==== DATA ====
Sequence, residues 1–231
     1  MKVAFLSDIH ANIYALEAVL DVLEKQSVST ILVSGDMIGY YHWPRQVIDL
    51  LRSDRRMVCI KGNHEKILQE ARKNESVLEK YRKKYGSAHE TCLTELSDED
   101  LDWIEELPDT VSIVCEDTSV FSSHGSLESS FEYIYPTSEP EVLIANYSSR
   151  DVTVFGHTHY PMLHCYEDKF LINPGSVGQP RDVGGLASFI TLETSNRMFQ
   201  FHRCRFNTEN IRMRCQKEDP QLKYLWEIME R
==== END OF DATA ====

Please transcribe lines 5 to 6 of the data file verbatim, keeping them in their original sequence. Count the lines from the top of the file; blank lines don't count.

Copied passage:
   151  DVTVFGHTHY PMLHCYEDKF LINPGSVGQP RDVGGLASFI TLETSNRMFQ
   201  FHRCRFNTEN IRMRCQKEDP QLKYLWEIME R